Bombs Away!

When Golda Meir was Prime Minister of Israel, the Jewish nation was about to face another major military conflict with the hostile surrounding Arab nations.  Outnumbered in population by a ratio of 1,000 to 1, President Richard Nixon called her and asked what the U.S. could do to be of assistance.  “What we need Mr. President, are things that begin with ‘A’”.  “What do you mean”, Madame Prime Minister, “Things that begin with ‘A’?”  “We need a lot of money, a lot of uniforms, a lot of food, a lot of water, a lot of medicine, a lot of fuel, a lot of prayer, etc.

In 1948, Israel fought its first modern military conflict, the war for the independence of the nation.  And they possessed next to nothing when it came to the armed forces.  Only one out of three soldiers had any kind of rifle.  Also, there was no artillery (i.e., no tanks, no canons, no planes, no bazookas, and so on).  But on the other side, the story was just the opposite.  The Arabs had been planning for the war and were equipped with a full military arsenal.  U.S. intelligence  gave the Jewish nation two days before they were all driven off the land and into the sea.

However, there was a young man named David Liebovitch.  The engineer graduate had come to Israel from Serbia and was labouring as a farmhand on a Jewish kibbutz.  But after supper, this Jew went to the barn and worked on a weapon that would become known as The Davidka (“little David?”) in Hebrew. …
… The Davidka was an 88-pound bomb filled with nails, rocks, and any other shrapnel that could be found (which was good since Israel did not have any explosive powder).  Now in conventional artillery weaponry, a bomb (explosives) is encased (shelled) inside a mortar (tube) from which it’s launched with the ability to somewhat control the projectile’s accuracy.  But The Davidka was different.  The only part of Little David that fit into the 3″ mortar was the tail of the weapon.  The bulk of the bomb was much larger than the mortar from which it was fired, making it highly inaccurate, with no guidance system at all.  But what this seemingly useless weapon did having going  for it was that when it struck the ground it made a gigantic sound, so loud that everyone in the vicinity of its explosion believed it was near to them.  (As well, before striking the earth, the small pieces of metal and tubes welded onto the outside of the casing – which furthered increased its inaccuracy – made an ominous hissing and haunting shrieking sound as it went through the air).  Just six were made and divided equally to Israeli troops: north two, central two, south two.  The result?  When launched, enemy forces holding a town would run for their lives?  The reason?  They knew the Jews had built America’s nuclear bomb (men like Albert Einstein) and a rumour had spread through the Arab armies (from agents planted by the Israeli secret service) that the Jews in Israel had constructed smaller editions of the same nuclear weapon and were using them.  Only God knows how many Jewish lives The Davidka saved and if there would even be an Israel today without Little David.  This is why in the very centre of Jerusalem, in the heart of the city, there is a monument with one of The Davidka’s displayed.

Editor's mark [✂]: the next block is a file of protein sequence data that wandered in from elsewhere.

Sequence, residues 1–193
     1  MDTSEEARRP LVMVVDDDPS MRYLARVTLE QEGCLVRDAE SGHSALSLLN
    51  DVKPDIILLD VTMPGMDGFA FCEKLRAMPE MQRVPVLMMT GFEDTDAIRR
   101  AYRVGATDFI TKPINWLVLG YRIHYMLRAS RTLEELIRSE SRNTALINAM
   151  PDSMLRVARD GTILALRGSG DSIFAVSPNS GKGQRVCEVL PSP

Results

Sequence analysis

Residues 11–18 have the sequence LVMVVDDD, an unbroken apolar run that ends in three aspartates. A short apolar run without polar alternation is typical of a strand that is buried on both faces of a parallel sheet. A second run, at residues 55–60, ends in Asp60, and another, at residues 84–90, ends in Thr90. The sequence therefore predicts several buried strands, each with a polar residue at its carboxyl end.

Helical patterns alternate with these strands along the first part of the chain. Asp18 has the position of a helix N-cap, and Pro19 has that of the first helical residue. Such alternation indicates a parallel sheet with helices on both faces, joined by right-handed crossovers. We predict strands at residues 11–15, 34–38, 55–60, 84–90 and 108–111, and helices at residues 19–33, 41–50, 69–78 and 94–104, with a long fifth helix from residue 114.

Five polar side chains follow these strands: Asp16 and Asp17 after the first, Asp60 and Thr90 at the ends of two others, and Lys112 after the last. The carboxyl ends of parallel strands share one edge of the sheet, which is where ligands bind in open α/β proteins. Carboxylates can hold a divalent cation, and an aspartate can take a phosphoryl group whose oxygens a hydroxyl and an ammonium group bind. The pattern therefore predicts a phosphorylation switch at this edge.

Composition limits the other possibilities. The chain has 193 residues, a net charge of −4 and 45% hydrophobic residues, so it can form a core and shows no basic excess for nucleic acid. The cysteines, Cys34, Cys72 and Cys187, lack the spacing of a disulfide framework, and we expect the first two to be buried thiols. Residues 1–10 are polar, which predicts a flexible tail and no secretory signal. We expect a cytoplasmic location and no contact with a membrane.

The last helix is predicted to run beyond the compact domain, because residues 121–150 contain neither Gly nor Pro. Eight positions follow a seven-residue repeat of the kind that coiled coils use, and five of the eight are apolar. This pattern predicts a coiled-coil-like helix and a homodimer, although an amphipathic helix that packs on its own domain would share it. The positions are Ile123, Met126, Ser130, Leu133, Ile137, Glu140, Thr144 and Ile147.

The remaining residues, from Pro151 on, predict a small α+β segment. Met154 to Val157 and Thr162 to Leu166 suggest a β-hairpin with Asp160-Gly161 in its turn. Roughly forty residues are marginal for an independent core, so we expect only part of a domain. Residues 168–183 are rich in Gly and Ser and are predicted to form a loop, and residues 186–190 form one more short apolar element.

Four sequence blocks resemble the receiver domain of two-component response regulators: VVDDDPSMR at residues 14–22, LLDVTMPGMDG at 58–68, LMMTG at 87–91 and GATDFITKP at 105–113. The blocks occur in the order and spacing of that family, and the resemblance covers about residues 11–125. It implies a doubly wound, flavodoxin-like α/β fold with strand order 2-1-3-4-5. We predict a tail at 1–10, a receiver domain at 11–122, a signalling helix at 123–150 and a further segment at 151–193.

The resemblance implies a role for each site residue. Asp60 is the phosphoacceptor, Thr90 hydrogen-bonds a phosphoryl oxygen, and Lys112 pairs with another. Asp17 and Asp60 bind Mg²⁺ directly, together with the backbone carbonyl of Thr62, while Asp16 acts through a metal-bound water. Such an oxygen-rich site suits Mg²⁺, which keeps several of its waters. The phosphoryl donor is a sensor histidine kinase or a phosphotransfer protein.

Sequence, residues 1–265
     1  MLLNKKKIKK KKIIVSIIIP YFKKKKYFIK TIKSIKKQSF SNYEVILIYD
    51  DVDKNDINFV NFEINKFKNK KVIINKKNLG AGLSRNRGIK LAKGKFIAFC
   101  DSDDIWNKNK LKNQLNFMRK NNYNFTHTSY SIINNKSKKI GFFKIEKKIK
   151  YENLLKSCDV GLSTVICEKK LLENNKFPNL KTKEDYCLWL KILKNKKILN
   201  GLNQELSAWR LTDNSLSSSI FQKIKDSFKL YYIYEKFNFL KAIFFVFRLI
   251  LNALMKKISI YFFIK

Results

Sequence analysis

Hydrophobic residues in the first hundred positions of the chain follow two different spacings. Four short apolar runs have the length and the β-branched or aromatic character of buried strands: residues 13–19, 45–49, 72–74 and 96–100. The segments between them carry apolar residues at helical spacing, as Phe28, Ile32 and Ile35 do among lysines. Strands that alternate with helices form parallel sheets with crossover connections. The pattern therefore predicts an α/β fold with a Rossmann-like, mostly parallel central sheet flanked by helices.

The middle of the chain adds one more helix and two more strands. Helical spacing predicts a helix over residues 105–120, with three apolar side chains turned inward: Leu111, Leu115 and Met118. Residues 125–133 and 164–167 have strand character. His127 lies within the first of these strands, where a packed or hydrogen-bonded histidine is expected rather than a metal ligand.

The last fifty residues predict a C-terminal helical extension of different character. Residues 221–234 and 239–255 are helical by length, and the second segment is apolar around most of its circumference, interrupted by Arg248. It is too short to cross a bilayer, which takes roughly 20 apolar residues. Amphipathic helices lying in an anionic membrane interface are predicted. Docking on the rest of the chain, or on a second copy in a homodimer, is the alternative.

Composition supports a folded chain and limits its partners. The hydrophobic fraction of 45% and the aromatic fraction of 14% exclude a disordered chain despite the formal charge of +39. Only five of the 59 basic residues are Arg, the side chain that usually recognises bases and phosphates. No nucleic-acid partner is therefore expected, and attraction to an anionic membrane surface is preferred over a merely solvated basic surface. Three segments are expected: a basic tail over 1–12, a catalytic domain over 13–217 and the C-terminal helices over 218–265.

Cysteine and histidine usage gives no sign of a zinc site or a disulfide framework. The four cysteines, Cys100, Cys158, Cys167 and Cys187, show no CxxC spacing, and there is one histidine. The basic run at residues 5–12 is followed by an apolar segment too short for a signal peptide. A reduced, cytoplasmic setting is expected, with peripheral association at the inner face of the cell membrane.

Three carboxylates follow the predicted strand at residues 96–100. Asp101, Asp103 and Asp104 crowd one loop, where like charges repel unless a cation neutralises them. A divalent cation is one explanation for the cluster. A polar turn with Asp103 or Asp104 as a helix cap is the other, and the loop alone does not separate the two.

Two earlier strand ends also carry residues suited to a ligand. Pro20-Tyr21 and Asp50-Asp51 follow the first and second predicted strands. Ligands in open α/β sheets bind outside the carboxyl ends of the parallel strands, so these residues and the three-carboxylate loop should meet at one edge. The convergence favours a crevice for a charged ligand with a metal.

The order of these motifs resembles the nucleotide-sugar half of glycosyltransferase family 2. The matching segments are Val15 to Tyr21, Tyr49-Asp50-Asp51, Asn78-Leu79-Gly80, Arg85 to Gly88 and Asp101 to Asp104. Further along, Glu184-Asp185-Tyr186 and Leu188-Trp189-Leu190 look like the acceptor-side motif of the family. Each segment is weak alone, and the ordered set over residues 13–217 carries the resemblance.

The bottom line?  And we all thought the only Little David in Israel was the one found in I Samuel 16-17!